When Erica Dawson was writing When Rap Spoke Straight to God, she found herself becoming increasingly disheartened with what was happening in society. She writes in an interview conducted over Facebook chat that “Frankly, white men seemed intent on silencing women, especially women of color. Our experiences and opinions didn’t matter. We were robbed of our subjectivity, our complexities. It was extremely important to me to use my voice, and to fully own it, and to use it to acknowledge the experiences of other women, even fictional women.” And, Dawson does just that. When Rap Spoke Straight to God is a long poem that directly addresses the texts of the typical white male-dominated literary canon while reclaiming and centering, not only her experiences as a Black woman, but the experiences of the women who are generally silenced or all but invisible in these texts. She doesn’t steer clear of the Bible, nor does she turn away from other culturally foundational texts such as those from myth and fairytale. Dawson is in deep interaction with every text she comes across, and she makes it clear that she is on equal footing with the characters there whether they are god/desses, holy people, pop stars, angels, Jesus or even the Christian God. Within these pages, Dawson speaks boldly in the name of reclamation and healing, not only for her own sake, but for those who never got a chance to have a say.
Further, Dawson incorporates her physical landscape, her home, the home of her friends and family, the prevailing news, societal ills, and personal experience. She pulls up those experiences, as well as Black culture as she knows it, so that it may stand toe-to-toe with all that is otherwise imposed. The prescribed canon does not speak to the Black experience. And even as that experience includes just as many struggles and imbalances as it does boons and beauty, Dawson brings the Black canon and experience necessarily to the front:
I was looking for “texts” that speak to the Black experience. I couldn’t find that experience in the [literary] Canon/the Bible/etc. Even though a good deal of rap music can be just as misogynistic and problematic as what I’ve found in the Bible and other books, I still feel extremely connected to much of the genre — rappers like Wu-Tang, Lauryn Hill, and others not featured in the book. I understand the frustration that U-God expresses in the phrase “You ain’t heard us in a minute” even though he isn’t talking about religion. I relate to Lil Kim’s insistence on highlighting the beauty of the female Black body. Embracing the Black canon, whether it’s our music or visual art or poetry or whatever is most definitely paramount. We can speak for ourselves. We don’t need someone else to tell us about our experiences.
For the reader, this book feels like an initiation into the Black canon, this textual realm that never takes what has already been imposed and touted as written in stone at its word. Untruths are outed, and the “saviors” who have made so many fantastical promises are made for once to listen. Dawson sits them in a chair for a tête-à-tête and lets them know that they have not delivered on any of their promises, and then, knowing that nothing will change, carries on with the women she has rounded into the conversation, and those mothers, sisters, daughters, and grandmothers who have been carrying forth all along — all of these women continuing to do the work of reclamation and healing in the end.
Dawson is in relationship with these characters, and points out that though the male figures in these texts are so often depicted as gods and saviors, they are out of touch and emotionally unavailable. “I wish I’d dream a Lady Jesus exists,/ insisting in the garden’s olive trees,” one section of the book-length poem reads. Dreaming and believing in a character like this is not only a source of inspiration, but a powerful foundation for a necessary rewriting of lineage and the canon.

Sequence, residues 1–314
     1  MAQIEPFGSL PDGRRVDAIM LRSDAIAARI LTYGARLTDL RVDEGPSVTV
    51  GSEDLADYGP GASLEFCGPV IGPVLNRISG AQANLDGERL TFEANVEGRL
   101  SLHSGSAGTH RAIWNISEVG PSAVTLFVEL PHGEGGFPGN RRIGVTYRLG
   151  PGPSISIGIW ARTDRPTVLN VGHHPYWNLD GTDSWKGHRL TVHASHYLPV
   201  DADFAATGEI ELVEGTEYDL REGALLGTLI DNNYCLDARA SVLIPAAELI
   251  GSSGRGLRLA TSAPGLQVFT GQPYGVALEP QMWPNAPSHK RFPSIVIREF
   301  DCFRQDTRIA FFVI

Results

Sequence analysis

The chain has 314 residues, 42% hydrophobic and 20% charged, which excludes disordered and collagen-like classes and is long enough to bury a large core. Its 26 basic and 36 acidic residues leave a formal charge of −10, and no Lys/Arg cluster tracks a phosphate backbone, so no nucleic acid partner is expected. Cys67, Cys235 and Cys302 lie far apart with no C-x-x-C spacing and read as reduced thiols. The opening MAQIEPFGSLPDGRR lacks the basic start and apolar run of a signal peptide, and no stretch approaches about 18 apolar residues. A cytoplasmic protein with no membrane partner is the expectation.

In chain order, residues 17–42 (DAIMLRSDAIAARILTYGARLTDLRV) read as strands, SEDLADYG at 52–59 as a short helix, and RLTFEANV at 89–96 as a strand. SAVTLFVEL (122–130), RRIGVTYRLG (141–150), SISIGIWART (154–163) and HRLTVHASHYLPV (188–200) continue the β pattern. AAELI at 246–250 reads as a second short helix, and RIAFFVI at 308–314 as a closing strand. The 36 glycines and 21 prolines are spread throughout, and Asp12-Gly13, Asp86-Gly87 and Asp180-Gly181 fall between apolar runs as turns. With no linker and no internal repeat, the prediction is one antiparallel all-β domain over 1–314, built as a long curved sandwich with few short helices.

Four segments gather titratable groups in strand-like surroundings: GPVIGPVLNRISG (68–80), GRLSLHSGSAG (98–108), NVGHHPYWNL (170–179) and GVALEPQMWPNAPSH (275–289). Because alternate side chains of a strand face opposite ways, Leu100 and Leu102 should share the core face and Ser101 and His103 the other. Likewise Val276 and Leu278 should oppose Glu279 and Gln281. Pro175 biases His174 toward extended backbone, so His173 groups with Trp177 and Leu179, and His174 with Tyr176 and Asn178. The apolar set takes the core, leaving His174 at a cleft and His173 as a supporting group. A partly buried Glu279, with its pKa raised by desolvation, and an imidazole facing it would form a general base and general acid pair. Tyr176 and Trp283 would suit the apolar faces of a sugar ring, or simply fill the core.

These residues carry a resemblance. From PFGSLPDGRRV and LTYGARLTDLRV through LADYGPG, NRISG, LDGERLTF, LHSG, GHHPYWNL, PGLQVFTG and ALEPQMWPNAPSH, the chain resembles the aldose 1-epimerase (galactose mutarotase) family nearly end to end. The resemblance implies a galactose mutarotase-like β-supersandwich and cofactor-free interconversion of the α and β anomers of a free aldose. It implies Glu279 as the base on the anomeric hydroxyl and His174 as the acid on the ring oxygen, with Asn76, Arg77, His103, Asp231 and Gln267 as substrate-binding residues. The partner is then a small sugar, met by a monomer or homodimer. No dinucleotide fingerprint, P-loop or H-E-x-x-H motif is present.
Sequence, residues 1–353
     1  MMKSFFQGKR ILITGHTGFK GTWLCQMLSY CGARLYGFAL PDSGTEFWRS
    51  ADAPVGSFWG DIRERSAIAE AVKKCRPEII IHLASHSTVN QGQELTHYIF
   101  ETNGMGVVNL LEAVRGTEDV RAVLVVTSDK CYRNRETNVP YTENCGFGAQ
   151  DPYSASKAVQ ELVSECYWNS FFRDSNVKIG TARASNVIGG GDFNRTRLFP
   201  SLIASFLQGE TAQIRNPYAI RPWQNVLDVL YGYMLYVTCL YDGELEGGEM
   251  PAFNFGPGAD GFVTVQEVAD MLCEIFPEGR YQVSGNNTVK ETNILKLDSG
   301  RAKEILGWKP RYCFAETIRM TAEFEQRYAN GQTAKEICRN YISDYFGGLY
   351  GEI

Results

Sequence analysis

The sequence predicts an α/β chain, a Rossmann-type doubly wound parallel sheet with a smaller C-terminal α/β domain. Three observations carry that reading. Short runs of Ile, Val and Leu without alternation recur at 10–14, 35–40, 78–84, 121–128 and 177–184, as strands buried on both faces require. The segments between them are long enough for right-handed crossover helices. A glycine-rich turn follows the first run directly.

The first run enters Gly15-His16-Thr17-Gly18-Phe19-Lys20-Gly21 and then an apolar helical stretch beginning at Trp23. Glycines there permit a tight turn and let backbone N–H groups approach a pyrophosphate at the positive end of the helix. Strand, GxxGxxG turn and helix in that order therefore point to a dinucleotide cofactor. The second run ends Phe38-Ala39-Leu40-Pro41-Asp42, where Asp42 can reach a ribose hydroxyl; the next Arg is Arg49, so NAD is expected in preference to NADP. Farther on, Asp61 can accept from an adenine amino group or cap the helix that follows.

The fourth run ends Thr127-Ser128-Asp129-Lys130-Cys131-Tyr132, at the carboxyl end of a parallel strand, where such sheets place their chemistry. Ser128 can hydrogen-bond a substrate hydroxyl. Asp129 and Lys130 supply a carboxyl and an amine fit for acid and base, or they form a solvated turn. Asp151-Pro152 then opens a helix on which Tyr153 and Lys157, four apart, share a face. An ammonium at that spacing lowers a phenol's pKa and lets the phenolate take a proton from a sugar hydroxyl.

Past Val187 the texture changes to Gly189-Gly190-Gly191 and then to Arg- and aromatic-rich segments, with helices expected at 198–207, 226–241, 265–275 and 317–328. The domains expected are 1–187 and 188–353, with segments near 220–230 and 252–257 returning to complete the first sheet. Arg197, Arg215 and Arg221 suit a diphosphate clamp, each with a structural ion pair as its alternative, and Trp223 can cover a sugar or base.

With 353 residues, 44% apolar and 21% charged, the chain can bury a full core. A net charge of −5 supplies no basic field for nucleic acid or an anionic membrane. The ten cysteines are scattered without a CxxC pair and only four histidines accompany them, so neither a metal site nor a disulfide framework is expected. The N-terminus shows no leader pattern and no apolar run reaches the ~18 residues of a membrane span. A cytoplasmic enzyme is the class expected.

But in the meantime, the narrator is in a sense navigating on her own. She relates in our interview that “To do this, I had to relive painful emotions and make myself remember incidents of harassment and assault; but, to reclaim my voice I had to claim these experiences, acknowledge that they happened, and give myself a chance to heal, on and off the page.” The saviors weren’t there to help her, and she told them so:
Sometimes even Jesus needs to hear the truth. I grew up thinking there was this all-powerful God who would jump in and save us when we needed him. I trusted that. But it’s not true. Get him a gun and it’s still not true [“Get it right Jesus. Get you a gun.”] It’s not going to happen. We can’t rely on that and just sit back and watch the world implode. We have to do the work to save ourselves. And I definitely feel like it’s us women who are pushing for a better future, who are pushing for change. We are the hero we need, not a mythical man or a real man or any man. We are the strength we need.
These realizations were hard earned. It is deep and consistent work that leads towards standing up to and negating the imposition of external demands:
To hold — grasp, carry, or support,
detain, incarcerate, intern,
impound; the what after the court;
archaic: Girl, you got to learn
your place. Adhere; maintain.
The girl does not accept her place, and this act is powerful. She faces these external demands, persists in finding truth that coincides with what is felt in one’s body, what is lived. Though she queries the gods, often even mouths off at them, she finds answers via her own initiative and her own striving. Through her poetry she expresses the belief that there is no separation between nature, spirit, and the body. Living itself is recognized as holy and requires no prescribed performances.
The poems in this book do not elevate the spiritual, nor do they treat the carnal as dark or something lesser than Spirit. For example, in these lines we are reminded that “The gospel says that flesh gives birth/ to flesh and it gives birth to spirit.” The spiritual, the mythical, the practical, the life lived even as it is imposed upon exists on the same plane. Everything is sacred here, especially life itself. Dawson reminds in our chat that “Life and living are the most valuable things we have. Life is holy. Just getting up every day is divine. The power of the human spirit, to me, is the most powerful ‘entity’ out there! Our experiences are sacred, and we should praise ourselves for surviving and pushing forward. We should be revered.” This kind of talk is what enables Dawson to look the archangel Gabriel squarely in the eyes, and have a much-needed heart-to-heart with Jesus.